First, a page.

Erebot latest-0.6.0-74-g691fc3f documentation

Writing a new module

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Writing a new module

This page acts like a guide for those who may be interested in writing a new module for Erebot. It assumes basic knowledge of some of the features provided by Erebot for developers (such as the styling features and i18n features).

Quick start

To quickly create the file structure for a new module, you can start by cloning/forking the git repository for the Module_Skeleton virtual module. This will provide you with the basic structure and necessary files.

Please note that the Module_Skeleton module uses Composer to handle dependencies, and so, it is worth reading Composer’s documentation <> if you are new to PHP packages and dependency management.

General structure

An Erebot module is a PHP class that extends Erebot_Module_Base. As such, it must have at least two methods (declared abstract in Erebot_Module_Base):

  • _reload() is called when the module is (re)loaded with some flags giving more information about what must be (re)loaded. The flags are a bitwise-OR combination of the RELOAD_* constants found in Erebot_Module_Base.
  • _unload() is called when the module is unloaded. Its purpose is to free any resource that may have been allocated by _reload(), save the current state elsewhere, etc.


When a module is reloaded, only _reload() is called. The only time _unload() is ever called is when the module is being completely unloaded (usually, right before the bot exits).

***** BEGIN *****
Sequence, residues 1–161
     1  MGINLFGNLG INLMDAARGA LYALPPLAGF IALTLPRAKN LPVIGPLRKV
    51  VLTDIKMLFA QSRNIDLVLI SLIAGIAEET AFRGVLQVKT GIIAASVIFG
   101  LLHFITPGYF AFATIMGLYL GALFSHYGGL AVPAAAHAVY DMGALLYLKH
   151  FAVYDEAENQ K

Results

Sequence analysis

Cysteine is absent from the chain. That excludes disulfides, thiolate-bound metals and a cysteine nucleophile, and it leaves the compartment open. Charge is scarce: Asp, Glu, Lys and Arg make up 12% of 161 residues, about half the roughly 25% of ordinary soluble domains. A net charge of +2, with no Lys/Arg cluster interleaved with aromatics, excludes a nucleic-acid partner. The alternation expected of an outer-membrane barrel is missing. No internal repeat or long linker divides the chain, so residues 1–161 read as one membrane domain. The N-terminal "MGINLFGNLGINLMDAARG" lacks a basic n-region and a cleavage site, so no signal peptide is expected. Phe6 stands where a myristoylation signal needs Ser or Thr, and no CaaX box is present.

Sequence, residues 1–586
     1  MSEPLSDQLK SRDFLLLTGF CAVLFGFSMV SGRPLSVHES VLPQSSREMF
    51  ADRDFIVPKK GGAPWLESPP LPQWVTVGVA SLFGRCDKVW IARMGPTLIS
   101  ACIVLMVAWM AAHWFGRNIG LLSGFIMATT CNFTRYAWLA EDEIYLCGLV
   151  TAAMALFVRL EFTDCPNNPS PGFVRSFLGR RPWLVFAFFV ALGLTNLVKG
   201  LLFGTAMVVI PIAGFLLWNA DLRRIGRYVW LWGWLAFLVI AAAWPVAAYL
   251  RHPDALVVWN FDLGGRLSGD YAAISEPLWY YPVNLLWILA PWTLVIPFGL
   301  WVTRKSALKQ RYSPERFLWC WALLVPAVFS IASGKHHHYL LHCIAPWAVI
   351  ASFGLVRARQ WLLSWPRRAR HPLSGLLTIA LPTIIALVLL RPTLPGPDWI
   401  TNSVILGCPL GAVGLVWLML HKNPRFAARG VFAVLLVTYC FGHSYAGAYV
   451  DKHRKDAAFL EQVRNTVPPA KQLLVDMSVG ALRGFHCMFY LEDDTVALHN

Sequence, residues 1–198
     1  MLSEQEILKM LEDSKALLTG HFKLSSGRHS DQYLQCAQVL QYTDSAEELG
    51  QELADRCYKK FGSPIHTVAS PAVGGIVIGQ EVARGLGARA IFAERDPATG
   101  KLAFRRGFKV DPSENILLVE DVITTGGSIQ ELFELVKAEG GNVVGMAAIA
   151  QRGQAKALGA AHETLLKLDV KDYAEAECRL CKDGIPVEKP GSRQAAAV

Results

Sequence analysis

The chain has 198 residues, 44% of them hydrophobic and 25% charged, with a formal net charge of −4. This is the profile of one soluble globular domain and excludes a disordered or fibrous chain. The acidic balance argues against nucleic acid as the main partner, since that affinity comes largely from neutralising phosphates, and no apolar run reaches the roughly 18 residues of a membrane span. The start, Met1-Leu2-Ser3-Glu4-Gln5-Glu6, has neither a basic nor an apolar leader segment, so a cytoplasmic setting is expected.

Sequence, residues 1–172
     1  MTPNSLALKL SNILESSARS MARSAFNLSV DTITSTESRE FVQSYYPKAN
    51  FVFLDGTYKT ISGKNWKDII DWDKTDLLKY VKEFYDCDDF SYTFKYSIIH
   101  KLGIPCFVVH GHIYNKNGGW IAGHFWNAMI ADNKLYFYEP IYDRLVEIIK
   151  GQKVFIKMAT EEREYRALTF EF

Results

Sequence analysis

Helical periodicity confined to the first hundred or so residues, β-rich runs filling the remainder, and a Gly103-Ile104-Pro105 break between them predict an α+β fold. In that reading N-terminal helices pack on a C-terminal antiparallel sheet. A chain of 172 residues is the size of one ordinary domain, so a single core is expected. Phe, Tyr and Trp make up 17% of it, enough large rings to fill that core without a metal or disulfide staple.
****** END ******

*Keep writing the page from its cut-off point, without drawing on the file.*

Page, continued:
Providing help


Adding an help method to your module is totally optional, but it is considered good practice as it provides some way for users to request help on your new module and its commands without having to read some online manual.

To provide help for your module, all you need is a method that handles help requests. The name of that method does not matter (though this method is called getHelp() in all modules that ship with Erebot).

When someone requests help on a module or command, the help methods are looked up in order to find one that will acknowledge the request (see below). This may result in one or more help methods being called to handle the request.

The help method must use the following signature.

public function getHelp(
    Erebot_Interface_Event_Base_TextMessage $event,
    Erebot_Interface_TextWrapper            $words

This method is responsible for either acknowledging the help request (by returning TRUE) or ignoring it (by returning FALSE or by not returning anything at all). If your method chooses to ignore the help request, the next help method in line will be called with the same parameters, until either a method acknowledges the request or there are no more help methods to try.

$event will contain the original request as an event. This will either be an event that implements the Erebot_Interface_Event_Base_Private interface if the request was sent as a private query, or an event implementing the Erebot_Interface_Event_Base_Chan interface if it came from an IRC channel.

$words contains the content of the request (derived from the text in the original request in $event), wrapped to make it easier to look at individual words.

Now, there are two types of requests:

  • Requests for help on the module itself (!help Foo). In that case, $words will contain only one word: the name of the module itself inside the \\Erebot\\Module namespace—Foo in this case.
  • Requests for help on a command/topic (!help foo, !help foo bar...). In that case, $words will contain 2 or more words:
    • The name of the current module.
    • The name of the command (foo).
    • Any additional parameters (bar...).

You can find out which type of request is in use by simply counting the number of words in $words, which is very easy as the wrapper implements the Countable interface: